This is the ugly conundrum of the digital age: When you traffic in outrage, you get death.
So when the Sri Lankan government temporarily shut down access to social media services like Facebook and YouTube after the bombings on Easter morning, my first thought was “good”.
Good, because it could save lives. Good, because the companies that run these platforms seem incapable of controlling the powerful global tools they have built. Good, because the toxic digital waste of misinformation that floods these platforms has overwhelmed what was once so very good about them. And indeed, by Sunday morning so many false reports about the carnage were already circulating online that the Sri Lankan government worried more violence would follow.
It pains me as a journalist, and someone who once believed that a worldwide communications medium would herald more tolerance, to admit this — to say that my first instinct was to turn it all off. But it has become clear to me with every incident that the greatest experiment in human interaction in the history of the world continues to fail in ever more dangerous ways.
In short: Stop the Facebook/YouTube/Twitter world — we want to get off.
Obviously, that is an impossible request and one that does not address the root cause of the problem, which is that humanity can be deeply inhumane. But that tendency has been made worse by tech in ways that were not anticipated by those who built it.
I noted this in my very first column almost a year ago, when I called social media giants “digital arms dealers of the modern age” who had, by sloppy design, weaponised pretty much everything that could be weaponised. “They have weaponised civic discourse,” I wrote. “And they have weaponised, most of all, politics. Which is why malevolent actors continue to game the platforms and why there’s still no real solution in sight anytime soon, because they were built to work exactly this way.”
So it is no surprise that we are where we are now, with the Sri Lankan government closing off its citizens’ access to social media, fearing misinformation would lead to more violence. A pre-crime move, if you will, and a drastic one, since much critical information in that country flows over these platforms. Facebook and YouTube, and to a lesser extent services like Viber, are how news is distributed and consumed and also how it is abused. A Facebook spokesman stressed to me that “people rely on our services to communicate with their loved ones”. He told me the company is working with Sri Lankan law enforcement and trying to remove content that violates its standards.
But while social media had once been credited with helping foster democracy in places like Sri Lanka, it is now blamed for an increase in religious hatred. That justification was behind another brief block a year ago, aimed at Facebook, where the Sri Lankan government said posts appeared to have incited anti-Muslim violence.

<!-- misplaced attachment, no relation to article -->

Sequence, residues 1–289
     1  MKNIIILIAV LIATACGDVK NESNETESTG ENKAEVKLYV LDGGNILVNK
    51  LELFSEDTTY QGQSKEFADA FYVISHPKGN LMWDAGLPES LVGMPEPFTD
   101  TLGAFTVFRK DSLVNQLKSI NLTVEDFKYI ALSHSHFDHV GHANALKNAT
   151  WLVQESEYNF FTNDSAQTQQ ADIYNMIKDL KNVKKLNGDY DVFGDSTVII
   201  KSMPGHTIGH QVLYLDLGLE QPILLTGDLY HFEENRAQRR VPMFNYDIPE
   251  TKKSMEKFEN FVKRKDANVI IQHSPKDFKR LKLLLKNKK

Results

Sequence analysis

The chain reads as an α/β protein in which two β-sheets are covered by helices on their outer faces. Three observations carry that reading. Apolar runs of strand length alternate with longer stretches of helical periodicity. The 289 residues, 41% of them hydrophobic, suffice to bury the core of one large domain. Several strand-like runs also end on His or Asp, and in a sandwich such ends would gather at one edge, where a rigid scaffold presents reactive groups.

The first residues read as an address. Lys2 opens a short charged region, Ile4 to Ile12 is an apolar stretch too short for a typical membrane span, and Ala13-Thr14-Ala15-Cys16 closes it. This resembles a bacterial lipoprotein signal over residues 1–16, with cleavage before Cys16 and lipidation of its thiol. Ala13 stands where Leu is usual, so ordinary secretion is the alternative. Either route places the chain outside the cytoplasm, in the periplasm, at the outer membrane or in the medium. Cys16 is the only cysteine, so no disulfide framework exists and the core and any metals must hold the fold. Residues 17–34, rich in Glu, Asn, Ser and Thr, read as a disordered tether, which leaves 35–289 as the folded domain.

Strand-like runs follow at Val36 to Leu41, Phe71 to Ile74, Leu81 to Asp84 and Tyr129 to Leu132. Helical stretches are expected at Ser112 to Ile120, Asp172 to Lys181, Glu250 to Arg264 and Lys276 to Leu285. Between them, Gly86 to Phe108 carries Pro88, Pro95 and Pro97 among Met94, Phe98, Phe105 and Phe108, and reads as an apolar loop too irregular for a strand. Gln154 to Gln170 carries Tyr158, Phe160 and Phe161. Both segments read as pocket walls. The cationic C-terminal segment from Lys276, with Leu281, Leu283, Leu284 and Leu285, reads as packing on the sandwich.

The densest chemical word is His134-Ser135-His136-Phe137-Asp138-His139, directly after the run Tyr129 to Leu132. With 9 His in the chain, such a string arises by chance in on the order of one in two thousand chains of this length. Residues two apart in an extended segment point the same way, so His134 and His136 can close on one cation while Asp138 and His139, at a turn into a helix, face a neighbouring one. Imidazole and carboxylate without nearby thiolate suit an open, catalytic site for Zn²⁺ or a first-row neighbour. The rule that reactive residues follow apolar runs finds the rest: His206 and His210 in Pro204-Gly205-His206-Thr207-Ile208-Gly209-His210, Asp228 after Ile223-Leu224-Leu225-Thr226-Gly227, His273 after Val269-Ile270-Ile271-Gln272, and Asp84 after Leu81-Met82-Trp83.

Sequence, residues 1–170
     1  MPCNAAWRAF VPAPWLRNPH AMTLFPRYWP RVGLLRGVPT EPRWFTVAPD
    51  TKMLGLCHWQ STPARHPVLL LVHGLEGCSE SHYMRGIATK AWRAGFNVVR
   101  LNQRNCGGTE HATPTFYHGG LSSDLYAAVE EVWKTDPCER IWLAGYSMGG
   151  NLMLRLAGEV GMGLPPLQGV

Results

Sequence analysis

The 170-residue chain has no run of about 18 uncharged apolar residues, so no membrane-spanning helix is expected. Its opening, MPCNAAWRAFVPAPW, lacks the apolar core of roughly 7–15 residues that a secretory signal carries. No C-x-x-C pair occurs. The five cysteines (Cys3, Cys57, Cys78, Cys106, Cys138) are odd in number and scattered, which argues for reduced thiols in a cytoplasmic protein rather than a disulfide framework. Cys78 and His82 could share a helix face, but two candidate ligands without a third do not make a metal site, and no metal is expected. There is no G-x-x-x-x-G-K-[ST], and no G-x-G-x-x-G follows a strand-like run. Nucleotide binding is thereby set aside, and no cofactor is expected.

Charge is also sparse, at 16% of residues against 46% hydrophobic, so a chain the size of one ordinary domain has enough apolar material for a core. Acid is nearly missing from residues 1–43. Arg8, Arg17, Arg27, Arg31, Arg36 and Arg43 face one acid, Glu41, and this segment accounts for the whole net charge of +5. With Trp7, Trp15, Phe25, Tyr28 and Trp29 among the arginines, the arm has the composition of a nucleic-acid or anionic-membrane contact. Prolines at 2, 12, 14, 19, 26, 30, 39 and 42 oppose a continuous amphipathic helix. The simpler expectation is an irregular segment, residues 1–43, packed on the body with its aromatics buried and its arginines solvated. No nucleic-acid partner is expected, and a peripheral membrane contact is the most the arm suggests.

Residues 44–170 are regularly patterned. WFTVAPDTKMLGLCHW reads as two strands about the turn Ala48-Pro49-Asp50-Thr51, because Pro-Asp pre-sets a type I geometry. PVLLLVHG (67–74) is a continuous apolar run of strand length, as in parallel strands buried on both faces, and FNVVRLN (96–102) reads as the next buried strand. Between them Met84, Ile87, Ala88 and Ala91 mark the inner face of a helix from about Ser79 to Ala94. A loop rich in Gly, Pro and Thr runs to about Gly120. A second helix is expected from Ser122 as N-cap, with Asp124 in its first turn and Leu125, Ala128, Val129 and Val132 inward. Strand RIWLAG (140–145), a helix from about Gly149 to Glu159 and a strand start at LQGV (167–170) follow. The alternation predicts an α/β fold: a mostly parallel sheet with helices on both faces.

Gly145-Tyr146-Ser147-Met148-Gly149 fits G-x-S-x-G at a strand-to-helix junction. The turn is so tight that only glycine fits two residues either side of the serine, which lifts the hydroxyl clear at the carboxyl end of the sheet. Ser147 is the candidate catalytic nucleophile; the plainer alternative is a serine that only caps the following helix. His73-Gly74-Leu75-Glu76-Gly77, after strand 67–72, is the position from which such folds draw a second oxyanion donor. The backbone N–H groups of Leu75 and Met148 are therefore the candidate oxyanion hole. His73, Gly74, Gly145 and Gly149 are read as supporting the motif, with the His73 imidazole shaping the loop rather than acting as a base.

Just a month ago in New Zealand, a murderous shooter apparently radicalised by social media broadcast his heinous acts on those same platforms. Let’s be clear, the hateful killer is to blame, but it is hard to deny that his crime was facilitated by technology.
In that case, the New Zealand government did not turn off the tech faucets, but it did point to those companies as a big part of the problem. After the attacks, neither Facebook nor YouTube could easily stop the ever-looping videos of the killings, which proliferated too quickly for their clever algorithms to keep up. It is a problem, even if the manifestations of how these platforms get warped vary across the world. They are different in ways that make no difference and the same in one crucial way that does. Namely, social media has blown the lids off controls that have kept society in check. These platforms give voice to everyone, but some of those voices are false or, worse, malevolent, and the companies continue to struggle with how to deal with them.
In the early days of the internet, there was a lot of talk of how this was a good thing, getting rid of those gatekeepers. Well, they are gone now, and that means we need to have a global discussion involving all parties on how to handle the resulting disaster, well beyond adding more moderators or better algorithms.
I raised that idea with a top executive at a big tech company I visited last week, during a discussion of what had happened in New Zealand.
“You can’t shut it off,” the executive said flatly. “It’s too late.”
— New York Times News Service
Kara Swisher, editor-at-large for the technology news website Recode and producer of the Recode Decode podcast and Code Conference, is a contributing opinion writer.